Developing statistical capacity in low-income countries

A researcher works on his terminal at the Microsoft India research centre in Bangalore June 24, 2009. Staffed with about 60 full-time researchers, many of them Indians with PhDs from top universities in the United States, the centre is at the cutting edge of Microsoft's R&D. It covers seven areas of research including mobility and cryptography. Its success, including developing a popular tool for Microsoft's new search engine Bing, underscores the potential of R&D in India at a time when cost-conscious firms are keen to offshore to save money by using talented researchers abroad.  To match feature INDIA-R&D/ REUTERS/Punit Paranjpe (INDIA SCI TECH BUSINESS) - GM1E57L0LK701
Editor's note:

Editor’s note: This blog is adapted from ‘Enhancing Statistical Capacity for Development,’ the author’s chapter in a new Brookings Press book, “From Summits to Solutions: Innovations in Implementing the Sustainable Development Goals.”

The Sustainable Development Goals seek to level the playing field for millions—economically, socially, ethnically, religiously, linguistically, or physically. These goals have put pressure on the need for fundamental and high-quality official statistics. Yet developing country statistical capacities are underfunded and lack capacity to meet demands for data.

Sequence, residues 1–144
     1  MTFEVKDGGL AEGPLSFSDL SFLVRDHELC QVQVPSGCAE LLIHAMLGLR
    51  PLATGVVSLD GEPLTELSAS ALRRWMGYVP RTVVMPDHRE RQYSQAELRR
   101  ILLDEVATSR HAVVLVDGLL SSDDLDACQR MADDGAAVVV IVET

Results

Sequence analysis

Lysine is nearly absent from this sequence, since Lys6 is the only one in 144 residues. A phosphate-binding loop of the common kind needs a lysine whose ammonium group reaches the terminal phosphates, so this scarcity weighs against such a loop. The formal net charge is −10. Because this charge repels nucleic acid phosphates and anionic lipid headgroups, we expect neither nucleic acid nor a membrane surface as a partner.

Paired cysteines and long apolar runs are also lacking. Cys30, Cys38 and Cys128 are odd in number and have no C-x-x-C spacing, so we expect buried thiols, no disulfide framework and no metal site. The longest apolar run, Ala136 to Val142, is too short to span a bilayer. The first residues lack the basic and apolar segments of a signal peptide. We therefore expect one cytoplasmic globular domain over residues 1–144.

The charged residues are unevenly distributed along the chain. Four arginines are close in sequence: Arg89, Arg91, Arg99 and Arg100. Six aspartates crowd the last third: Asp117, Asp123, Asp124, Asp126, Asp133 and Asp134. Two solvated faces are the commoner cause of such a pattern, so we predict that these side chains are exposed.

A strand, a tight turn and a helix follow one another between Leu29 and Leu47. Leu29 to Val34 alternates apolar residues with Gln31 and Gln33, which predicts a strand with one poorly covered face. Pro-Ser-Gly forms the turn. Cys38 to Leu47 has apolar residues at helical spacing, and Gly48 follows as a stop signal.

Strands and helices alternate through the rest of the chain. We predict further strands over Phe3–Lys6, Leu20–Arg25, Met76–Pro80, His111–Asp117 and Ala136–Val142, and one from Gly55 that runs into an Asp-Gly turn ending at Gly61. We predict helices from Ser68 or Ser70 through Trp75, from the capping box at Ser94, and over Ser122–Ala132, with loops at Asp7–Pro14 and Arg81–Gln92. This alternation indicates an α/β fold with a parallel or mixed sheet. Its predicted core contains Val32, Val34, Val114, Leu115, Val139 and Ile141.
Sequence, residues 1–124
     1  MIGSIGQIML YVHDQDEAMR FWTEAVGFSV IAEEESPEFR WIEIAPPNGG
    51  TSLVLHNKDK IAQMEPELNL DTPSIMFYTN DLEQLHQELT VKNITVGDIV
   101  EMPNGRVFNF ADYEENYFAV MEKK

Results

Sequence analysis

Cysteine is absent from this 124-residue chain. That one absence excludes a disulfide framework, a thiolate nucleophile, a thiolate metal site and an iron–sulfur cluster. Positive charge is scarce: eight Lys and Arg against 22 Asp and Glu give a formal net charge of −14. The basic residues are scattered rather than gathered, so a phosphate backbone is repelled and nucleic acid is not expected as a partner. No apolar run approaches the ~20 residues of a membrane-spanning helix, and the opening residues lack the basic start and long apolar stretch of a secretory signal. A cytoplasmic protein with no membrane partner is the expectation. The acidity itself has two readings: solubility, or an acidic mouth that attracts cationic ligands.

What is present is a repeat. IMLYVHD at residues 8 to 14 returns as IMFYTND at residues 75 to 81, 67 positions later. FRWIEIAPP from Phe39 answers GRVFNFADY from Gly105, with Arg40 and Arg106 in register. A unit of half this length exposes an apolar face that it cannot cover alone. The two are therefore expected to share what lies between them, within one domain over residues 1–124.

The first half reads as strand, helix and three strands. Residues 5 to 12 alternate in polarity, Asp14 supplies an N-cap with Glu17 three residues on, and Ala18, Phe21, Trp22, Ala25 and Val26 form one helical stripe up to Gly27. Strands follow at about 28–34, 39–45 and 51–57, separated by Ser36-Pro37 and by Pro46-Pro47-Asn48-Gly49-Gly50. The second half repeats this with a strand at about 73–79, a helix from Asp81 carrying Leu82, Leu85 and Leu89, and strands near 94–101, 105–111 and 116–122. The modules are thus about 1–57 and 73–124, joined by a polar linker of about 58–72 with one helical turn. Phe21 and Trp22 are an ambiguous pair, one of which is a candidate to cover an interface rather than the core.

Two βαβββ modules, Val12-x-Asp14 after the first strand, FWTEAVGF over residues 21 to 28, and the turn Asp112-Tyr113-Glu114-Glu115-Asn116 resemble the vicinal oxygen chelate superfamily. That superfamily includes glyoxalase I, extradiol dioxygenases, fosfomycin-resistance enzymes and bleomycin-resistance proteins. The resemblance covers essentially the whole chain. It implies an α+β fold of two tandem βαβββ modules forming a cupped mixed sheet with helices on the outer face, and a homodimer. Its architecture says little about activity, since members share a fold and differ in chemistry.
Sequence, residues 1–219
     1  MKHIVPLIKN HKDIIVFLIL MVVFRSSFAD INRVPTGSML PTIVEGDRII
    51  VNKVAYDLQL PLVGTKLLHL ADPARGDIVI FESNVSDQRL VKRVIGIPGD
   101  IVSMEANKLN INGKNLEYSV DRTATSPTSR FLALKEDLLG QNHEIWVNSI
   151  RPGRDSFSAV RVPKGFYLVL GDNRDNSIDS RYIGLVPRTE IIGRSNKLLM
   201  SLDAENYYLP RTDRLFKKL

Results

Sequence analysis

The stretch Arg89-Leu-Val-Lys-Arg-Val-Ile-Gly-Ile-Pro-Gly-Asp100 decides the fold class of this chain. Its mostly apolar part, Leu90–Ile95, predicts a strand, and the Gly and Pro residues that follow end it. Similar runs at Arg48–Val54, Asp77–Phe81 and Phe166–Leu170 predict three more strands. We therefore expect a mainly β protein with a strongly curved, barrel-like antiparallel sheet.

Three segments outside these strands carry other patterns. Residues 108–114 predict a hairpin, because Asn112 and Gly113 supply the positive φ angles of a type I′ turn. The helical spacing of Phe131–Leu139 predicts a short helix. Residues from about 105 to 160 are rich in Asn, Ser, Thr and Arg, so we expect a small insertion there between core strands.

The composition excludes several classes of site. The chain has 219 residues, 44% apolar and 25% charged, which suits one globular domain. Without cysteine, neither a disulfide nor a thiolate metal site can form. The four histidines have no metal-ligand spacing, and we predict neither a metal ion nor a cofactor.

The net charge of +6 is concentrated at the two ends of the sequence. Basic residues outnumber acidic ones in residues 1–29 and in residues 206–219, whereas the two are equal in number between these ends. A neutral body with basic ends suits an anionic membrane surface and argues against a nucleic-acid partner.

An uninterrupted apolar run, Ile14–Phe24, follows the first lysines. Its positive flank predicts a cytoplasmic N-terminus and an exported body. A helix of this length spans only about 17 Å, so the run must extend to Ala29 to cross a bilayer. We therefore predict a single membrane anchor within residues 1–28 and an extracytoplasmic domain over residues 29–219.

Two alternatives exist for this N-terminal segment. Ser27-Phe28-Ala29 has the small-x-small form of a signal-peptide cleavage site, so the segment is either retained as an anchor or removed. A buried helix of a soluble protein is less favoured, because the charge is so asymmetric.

For over three decades, the Japan International Cooperation Agency (JICA) has provided advisory services to developing countries for capacity development in data collation and statistics. Starting with support for Indonesia’s population census in the early 1980s, JICA has gone on to assist Mexico, Sri Lanka, Argentina, Tanzania, Myanmar, Cambodia, Egypt, and Nepal.

Our chapter in “From Summits to Solutions” analyzes the status of statistical capacity development in developing countries and provides a case study of a capacity development project done by JICA in Cambodia. We also identify some gaps in official statistics in developing countries and present some ideas to simplify the work of national statistical agencies.

Use of administrative data, the internet, and Big Data are among those methods that may provide solutions for closing the gaps in official statistics and statistical capacity development. However, it is an enhanced core capacity that will make use of these technical innovations and be a driver for producing results. In other words, it is not merely information technology and Big Data that produce results, but rather it is through a hands-on approach, joint activities, and trial and error that we can accumulate specific achievements and contribute to the SDGs.